Dec corn up 3/4 at $3.44
Nov beans up 1 ½ at $8.155
The DOW is up
USD is stronger
Crude oil down .$13 at $69.72
Stocks are steady this morning after rallying into yesterday’s headlines of China punching back at the U.S. with tariffs of 5% to 10% on $60 billion worth of U.S. goods. Reports circulating indicate China’s new tariffs will affect 5,207 U.S. products and account for as much as 95% of all U.S. exports to China.
Van Trump says “Corn prices fall to fresh new contract lows as more inside the trade start to fear an extended trade battle with the Chinese and an already record U.S. yield perhaps getting larger. Harvest reports are heavily flowing and causing some bulls to backpedal. On the opposite side, more bears are talking about perhaps a +182 yield estimate. It was just earlier this week we were hearing more bulls talk about a 180 yield estimate. I don’t think anybody knows the USDA’s next move, but everyone seems in agreement that the U.S. yield will certainly be record setting. I should also note, Informa has confirmed early talk of more U.S. corn acres in 2019, thinking we jump by close to +4 million to just north of 93 million total corn acres planted. That type of acreage has many fundamentalist now penciling in a +15.0 billion bushel crop, obviously excluding any major weather hiccups.”
Soybean prices are coming off another contract low. In fact, soybean prices have now posted a fresh new decade low. The lower-highs and lower-low dance steps clearly remain in vogue. Talks of an already record U.S. crop getting larger, record acreage being planted in Brazil, and thoughts of the U.S. – Chinese trade conflicts perhaps dragging on for an extended period, is allowing the bears to swing for the fences.
Agriculture Under Secretary Greg Ibach announced yesterday that the USDA is investing $102.7 million to increase opportunities for farmers, ranchers and other growers across the country through five grant programs. Much of the grant money will go to support farmer growing specialty crops, including fruits, vegetables, tree nuts, and nursery crops. (Source: USDA, AMS)
USDA said new funding will go toward rebuilding rural water and wastewater infrastructure in 42 states, including for projects such as replacing water lines and mains, digging wells and building treatment plants.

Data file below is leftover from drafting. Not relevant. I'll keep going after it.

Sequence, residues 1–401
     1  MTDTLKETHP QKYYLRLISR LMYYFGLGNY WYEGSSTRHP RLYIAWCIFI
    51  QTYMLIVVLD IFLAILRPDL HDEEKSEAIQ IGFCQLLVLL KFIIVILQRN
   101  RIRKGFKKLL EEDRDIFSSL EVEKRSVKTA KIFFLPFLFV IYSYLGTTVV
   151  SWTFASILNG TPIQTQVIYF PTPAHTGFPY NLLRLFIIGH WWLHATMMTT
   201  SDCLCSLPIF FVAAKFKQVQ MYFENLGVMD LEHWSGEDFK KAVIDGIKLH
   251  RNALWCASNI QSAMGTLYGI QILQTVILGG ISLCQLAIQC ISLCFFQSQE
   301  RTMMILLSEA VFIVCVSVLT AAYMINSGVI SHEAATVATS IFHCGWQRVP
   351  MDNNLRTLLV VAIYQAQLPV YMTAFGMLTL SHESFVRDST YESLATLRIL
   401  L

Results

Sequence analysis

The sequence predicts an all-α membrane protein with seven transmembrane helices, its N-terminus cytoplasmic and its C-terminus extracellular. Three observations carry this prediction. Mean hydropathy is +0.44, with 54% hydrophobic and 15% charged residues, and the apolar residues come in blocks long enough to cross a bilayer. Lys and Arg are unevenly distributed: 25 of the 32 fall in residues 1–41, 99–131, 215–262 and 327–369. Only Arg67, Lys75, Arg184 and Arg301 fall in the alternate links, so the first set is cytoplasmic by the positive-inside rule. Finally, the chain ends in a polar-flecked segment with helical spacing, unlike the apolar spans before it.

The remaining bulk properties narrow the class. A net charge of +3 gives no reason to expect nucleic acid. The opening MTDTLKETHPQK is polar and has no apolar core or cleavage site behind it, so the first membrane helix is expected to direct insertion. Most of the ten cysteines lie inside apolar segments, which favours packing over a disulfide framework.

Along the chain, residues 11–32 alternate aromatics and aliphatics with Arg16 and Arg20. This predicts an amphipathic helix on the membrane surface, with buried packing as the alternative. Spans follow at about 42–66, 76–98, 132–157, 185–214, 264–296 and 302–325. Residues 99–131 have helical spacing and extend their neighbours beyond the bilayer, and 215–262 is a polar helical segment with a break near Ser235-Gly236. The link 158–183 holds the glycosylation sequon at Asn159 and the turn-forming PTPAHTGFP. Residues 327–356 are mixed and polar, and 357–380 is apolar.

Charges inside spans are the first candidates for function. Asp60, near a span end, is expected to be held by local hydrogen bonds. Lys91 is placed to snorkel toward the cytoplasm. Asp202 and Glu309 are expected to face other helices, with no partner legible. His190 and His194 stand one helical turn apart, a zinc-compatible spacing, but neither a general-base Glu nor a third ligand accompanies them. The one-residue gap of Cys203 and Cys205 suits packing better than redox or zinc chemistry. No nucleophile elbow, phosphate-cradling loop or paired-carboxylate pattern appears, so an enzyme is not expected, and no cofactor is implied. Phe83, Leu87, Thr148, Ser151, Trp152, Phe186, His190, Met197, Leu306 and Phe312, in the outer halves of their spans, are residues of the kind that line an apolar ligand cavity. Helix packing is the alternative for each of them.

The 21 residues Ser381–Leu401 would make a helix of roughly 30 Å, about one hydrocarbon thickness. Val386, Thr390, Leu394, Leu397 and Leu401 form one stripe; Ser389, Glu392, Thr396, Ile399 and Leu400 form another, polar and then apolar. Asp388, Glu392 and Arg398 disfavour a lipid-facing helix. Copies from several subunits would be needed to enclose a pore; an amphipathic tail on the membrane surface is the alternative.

For decades, producers have used low doses of human antibiotics to help fatten their chickens. However, in 2018 those numbers are changing. Poultry producers like Perdue, Tyson and others and restaurant chains including McDonald’s, Chick-fil-A, Wendy’s, Burger King, etc. have pledged en masse to limit antibiotics in their chicken. They point to recent evidence linking antibiotics on animal farms to possible drug resistance in humans. Without debating or arguing the reasons why, it seems “change” is coming. If one company has its way, poultry producers will be using a fungal extract originally found in a Japanese pigsty. Scientists at the Danish company Novozyymes recently found that an enzyme in the fungus helps clear dead cells in chickens’ guts. The enzyme, which the company and its animal-nutrition partner DSM are calling Balancius, allows the birds to absorb more nutrition from food. The result appears to be less feed, less poop, and more chicken. Balancius is the latest in a category of products — including probiotics and essential oils — that have gained popularity with the phasing out of antibiotics. Probiotics, or beneficial bacteria, are one alternative to help with maintaining healthy gut flora in the chicken. Farmers can also feed chickens probiotics, which are carbohydrates that beneficial bacteria like to eat. Essential oils form plants like oregano and thyme are also used. All these methods seem to have positive effects on the gut flora, but testing and finding the most effective is a tedious task. Chicken producers who once had decades of experience using antibiotics are learning the process all over again with new probiotics. It is a difficult situation for poultry farmers. For years antibiotics were considered a wonder supplement for farmers, but the new products don’t have the same range of functions. Many believe antibiotics helped build modern industrial chicken farming and the practice of using in mass will be tough to break. Data shows that in 2016, use of antibiotics on animal farms in the U.S. fell for the first time since the Food and Drug Administration began keeping track of the data. The FDA also put a new policy into effect in 2017 that recommends farmers stop using important human antibiotics for growth enhancement. While feeding prebiotics, probiotics, essential oils and fungal enzymes to chickens may currently sound ridiculous, we may ultimately see it as routine in the decades ahead. (Source: The Atlantic, Novozymes)